There have been some infamous cases surrounding the insanity defense. One of the first occurred in 1859 and involved Defendant New York Congressman and Civil War General Dan Sickles, and victim Washington D.C. District Attorney Philip Barton Key, the son of poet Francis Scott Key who wrote the Star Spangled Banner. The temporary insanity defense worked, Defendant Sickles was found not guilty and applauded by the community at the time for protecting the women from an adulterer the likes of victim Key. Click here to read the details of this case.
An insanity defense is admitting to the physical act of the crime, but then the defendant asserts they are not responsible for their actions due to mental health problems. This assertion takes place at the trial to a jury. Minnesota does not recognize an insanity defense, but instead does allow for a defense of mental illness or deficiency. There are differences between the two forms of defense. The burden is on the Defendant to prove the mental illness or deficiency to the jury by a preponderance of the evidence. The actual defense, if the case goes to trial, and notice requirements are noted in Criminal Rules of Procedure 9.02, subd. 1(5).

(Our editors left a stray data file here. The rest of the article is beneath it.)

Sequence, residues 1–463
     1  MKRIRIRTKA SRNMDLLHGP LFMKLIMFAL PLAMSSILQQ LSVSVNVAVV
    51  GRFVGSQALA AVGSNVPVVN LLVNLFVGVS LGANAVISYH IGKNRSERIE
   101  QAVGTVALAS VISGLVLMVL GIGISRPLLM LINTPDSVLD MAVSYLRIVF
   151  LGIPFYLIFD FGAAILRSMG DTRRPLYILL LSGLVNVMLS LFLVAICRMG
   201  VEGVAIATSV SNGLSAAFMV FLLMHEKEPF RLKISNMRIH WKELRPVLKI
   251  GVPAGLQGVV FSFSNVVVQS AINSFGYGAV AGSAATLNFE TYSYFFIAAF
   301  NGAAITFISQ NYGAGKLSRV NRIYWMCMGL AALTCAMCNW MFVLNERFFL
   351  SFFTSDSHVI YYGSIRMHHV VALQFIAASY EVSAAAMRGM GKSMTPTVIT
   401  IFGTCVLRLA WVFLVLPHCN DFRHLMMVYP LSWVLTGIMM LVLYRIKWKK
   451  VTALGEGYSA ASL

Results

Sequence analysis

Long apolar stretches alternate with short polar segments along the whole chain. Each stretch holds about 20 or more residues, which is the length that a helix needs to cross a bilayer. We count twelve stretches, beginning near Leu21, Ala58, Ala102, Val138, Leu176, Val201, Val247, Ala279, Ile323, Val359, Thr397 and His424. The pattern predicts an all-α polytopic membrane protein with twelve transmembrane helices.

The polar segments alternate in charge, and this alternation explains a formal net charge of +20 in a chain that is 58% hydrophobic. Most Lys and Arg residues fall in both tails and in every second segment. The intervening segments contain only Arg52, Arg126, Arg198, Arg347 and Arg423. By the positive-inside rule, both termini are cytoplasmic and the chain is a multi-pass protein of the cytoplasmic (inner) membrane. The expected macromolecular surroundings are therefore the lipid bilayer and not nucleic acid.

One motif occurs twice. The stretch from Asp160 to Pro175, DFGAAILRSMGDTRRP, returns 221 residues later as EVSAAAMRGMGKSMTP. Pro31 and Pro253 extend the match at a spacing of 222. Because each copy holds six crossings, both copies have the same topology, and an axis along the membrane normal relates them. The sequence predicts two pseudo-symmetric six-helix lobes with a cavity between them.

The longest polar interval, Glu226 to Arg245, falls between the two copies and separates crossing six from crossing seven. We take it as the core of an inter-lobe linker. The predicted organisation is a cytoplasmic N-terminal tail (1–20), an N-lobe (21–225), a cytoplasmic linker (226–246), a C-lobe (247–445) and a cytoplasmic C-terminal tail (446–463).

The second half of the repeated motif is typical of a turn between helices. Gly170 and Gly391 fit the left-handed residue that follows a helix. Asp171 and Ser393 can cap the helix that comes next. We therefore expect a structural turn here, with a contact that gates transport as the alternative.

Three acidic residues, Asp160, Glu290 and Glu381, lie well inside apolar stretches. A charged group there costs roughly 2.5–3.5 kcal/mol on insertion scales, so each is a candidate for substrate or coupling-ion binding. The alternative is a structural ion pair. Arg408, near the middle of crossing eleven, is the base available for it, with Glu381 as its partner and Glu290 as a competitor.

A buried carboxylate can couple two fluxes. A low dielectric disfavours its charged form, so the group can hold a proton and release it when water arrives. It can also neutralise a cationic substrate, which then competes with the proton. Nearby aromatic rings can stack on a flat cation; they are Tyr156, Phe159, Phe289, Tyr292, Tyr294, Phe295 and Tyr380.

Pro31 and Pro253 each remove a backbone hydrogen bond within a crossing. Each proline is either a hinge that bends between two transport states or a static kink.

Minnesota Rule of Criminal Procedure 20.01 and 20.02 cover acts the defendant claims are the result of mental health issues. Rule 20.01 covers whether a person is competent to participate in the proceedings, or assist in their defense. If a person is not competent to proceed and the case is a felony or gross misdemeanor, the case is then stayed for a period of time to see if competency is restored. If competency is restored, the case then proceeds to trial. If competency is not restored, the government must file a motion within the time lines prescribed to extend the commitment of the Defendant pursuant to the rule. Rule 20.01, is about whether the case can proceed.
Rule 20.02, addresses the issue of proceeding to trial on the defense of mental illness or deficiency. This rule covers the medical examination reports and the commitment proceedings if a person is found not guilty by mental illness or deficiency.
If you have any questions as to how mental illness is addressed in our Courts, please give me a call at 651-200-3484